The housing bubble burst in 2008 and its disastrous consequences are still fresh in our collective memory, but aren’t we heading down the same road again? What is the next industry in danger of over-inflation? Our government may be on the way to creating a green energy bubble, contend Arnold Kling and Nick Schulz

Our government is doing a lot of ‘investing’ in the ‘industry of the future,’ the burgeoning green (energy) industry and along with it, green jobs. Green energy technology is still developing, is currently not widely profitable, and is generally inefficient. It is already significantly subsidized by and targeted for future government efforts. I enjoy Margaret Wente’s description: “…the wacky world of green power, where misguided governments have sparked a massive corporate feeding frenzy (at taxpayers’ expense) to achieve little or nothing of any social benefit.”

Perhaps ‘Investing in’ (subsidizing) inefficient and unprofitable alternative energy sources seems ‘socially conscious’ and ‘progressive’ (to use the liberal’s lingo), but in reality it is gravely irresponsible. This stifles real innovation and progress and misleads the public. And what about the jobs created? Don’t we need those green jobs? In reality, the number of jobs created by green jobs initiatives is negligible, temporary, and in many cases these initiatives are actually responsible for a net job loss.   

Legislative efforts like the stimulus bill, the jobs bill, and cap and trade/tax distort our markets-allowing government to pick winners, and therefore losers (IWF’s Carrie Lukas points out the specific dangers of government picking winners and losers in the financial sector here). This distortion lowers incentives for competition, innovation, and progress. After all, how can one be expected to enthusiastically and voluntarily compete in a fixed game?

Government chosen winners (perhaps receiving subsidies/tax breaks/funding/loan-backing) will operate knowing they have a failsafe. They will be apt to take more risks than they would without government ‘insurance.’ While risk taking is a normal part of enterprise and can produce substantial gain, it is what it is-a gamble. Chosen winners who take risks really aren’t risking much of anything-they’ve got a built in plan B. Chosen (or rather, un-chosen) losers who assume risk are going to lose out more often; they don’t have the built-in failsafe of government freebies. The playing field is tilted in government ‘insured’ ventures’ favor.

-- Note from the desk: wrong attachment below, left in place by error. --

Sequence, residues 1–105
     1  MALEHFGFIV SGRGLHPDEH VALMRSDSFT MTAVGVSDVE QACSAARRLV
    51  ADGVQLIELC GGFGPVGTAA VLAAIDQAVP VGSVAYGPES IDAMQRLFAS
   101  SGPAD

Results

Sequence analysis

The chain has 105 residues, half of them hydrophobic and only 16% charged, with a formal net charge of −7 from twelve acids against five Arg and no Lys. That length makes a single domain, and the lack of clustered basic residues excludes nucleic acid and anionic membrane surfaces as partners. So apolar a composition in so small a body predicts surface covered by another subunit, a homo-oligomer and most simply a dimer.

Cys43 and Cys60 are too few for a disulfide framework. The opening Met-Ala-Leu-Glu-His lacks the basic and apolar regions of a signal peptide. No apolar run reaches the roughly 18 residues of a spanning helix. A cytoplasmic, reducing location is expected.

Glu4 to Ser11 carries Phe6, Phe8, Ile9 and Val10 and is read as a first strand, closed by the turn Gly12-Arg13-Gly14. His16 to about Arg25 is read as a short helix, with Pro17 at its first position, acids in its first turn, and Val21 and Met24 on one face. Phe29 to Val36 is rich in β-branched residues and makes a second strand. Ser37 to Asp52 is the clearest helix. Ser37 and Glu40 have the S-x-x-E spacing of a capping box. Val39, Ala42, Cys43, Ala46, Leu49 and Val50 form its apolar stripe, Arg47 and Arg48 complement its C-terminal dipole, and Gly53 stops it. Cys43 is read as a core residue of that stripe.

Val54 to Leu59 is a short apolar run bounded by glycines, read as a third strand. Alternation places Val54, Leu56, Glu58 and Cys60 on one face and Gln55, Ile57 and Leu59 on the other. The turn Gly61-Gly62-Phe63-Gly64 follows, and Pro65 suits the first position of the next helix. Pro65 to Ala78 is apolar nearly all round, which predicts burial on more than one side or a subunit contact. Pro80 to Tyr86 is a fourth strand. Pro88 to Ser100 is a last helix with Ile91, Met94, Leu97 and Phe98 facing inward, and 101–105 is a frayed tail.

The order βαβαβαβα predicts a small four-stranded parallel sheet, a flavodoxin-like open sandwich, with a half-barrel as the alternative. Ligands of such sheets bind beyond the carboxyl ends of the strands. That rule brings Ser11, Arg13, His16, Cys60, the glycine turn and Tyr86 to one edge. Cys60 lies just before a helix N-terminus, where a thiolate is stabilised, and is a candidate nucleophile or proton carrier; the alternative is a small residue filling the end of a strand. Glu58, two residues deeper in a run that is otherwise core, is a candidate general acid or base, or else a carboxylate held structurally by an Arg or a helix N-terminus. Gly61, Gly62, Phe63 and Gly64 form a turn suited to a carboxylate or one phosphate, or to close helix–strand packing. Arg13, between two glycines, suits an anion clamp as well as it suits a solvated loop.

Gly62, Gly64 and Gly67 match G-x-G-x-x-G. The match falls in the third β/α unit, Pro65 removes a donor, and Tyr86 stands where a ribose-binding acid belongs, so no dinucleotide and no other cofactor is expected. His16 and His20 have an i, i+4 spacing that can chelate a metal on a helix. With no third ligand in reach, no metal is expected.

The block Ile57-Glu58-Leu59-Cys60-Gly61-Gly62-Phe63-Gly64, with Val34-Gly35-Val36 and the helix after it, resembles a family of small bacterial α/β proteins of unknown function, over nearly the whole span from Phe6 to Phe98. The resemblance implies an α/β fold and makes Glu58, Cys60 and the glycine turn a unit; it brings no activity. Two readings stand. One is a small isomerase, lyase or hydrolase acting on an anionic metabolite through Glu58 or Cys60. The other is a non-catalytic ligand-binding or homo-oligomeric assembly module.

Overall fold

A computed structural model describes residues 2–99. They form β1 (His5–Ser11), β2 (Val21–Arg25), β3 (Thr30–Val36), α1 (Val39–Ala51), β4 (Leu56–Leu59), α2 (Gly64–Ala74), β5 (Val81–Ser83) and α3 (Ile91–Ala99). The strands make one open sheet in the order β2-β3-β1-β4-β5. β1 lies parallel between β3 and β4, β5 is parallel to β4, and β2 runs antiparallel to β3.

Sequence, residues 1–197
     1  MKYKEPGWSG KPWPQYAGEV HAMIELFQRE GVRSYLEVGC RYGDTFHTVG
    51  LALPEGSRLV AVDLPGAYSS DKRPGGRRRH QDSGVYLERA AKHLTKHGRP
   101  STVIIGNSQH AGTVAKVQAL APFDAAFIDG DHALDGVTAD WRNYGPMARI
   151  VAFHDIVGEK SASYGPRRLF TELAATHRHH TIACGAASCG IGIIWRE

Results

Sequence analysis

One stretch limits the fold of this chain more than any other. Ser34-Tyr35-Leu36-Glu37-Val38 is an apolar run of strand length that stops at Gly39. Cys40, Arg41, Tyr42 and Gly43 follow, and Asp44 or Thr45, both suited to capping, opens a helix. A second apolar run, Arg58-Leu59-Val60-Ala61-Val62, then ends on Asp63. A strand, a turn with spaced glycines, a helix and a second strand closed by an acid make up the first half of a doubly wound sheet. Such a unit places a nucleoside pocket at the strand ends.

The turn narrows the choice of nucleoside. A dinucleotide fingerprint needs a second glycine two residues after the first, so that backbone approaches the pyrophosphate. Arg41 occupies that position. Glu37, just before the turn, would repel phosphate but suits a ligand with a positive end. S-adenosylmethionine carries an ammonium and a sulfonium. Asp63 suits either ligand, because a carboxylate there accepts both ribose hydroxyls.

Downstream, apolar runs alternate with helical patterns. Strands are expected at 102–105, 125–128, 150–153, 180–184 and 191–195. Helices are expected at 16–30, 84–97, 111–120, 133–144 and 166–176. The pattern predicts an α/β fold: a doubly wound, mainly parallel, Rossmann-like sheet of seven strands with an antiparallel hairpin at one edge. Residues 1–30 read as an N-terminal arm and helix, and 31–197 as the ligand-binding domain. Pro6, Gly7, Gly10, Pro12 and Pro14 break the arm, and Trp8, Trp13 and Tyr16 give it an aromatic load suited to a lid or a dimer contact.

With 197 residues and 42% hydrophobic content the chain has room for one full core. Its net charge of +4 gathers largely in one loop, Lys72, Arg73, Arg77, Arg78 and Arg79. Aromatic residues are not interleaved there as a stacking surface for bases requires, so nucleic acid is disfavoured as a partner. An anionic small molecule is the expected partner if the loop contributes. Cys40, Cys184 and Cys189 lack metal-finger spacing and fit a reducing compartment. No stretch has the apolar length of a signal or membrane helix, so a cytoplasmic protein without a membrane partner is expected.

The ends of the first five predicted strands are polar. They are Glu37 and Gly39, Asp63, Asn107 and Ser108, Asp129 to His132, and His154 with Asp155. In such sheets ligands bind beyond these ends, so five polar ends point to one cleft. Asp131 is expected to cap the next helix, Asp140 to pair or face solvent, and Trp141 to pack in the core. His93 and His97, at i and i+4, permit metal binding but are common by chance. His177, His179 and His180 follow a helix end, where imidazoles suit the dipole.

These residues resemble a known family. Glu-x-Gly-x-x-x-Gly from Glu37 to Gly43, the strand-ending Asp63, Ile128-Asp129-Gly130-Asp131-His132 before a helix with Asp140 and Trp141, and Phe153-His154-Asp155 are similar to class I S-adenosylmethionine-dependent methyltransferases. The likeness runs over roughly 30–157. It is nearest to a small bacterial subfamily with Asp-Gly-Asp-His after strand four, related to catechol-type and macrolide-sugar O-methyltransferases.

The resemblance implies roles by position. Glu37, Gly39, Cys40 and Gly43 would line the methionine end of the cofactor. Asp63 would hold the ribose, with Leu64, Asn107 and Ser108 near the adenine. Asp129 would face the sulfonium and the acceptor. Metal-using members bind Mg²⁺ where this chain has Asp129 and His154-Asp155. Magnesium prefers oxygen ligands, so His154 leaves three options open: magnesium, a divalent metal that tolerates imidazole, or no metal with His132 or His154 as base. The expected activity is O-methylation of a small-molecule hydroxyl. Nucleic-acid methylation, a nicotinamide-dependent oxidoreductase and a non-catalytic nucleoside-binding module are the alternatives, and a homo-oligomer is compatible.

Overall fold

Government should create an environment for real, durable growth–conditions where unpredictable innovations can compete and prosper.  They shouldn’t try to shape the markets in favor of those who an incumbent administration deems worthy. Encourage competition, innovation, and entrepreneurship, and beyond that, let the markets be markets. Rely on them rather than government action.

Relying on markets does not mean everyone wins and advances at the same time or with the same levels of success. Some companies and business ventures will inevitably fail. This is not a flaw of markets, it is their nature. Not every business will succeed, but every business should have the opportunity to compete on a playing field unadulterated by government string pulling. Free markets (the freer the better) allow room for trial and error-for experimentation by businesses and individuals. In the long run, this kind of flexibility in the energy industry will fuel technological growth that is both financially and socially beneficial.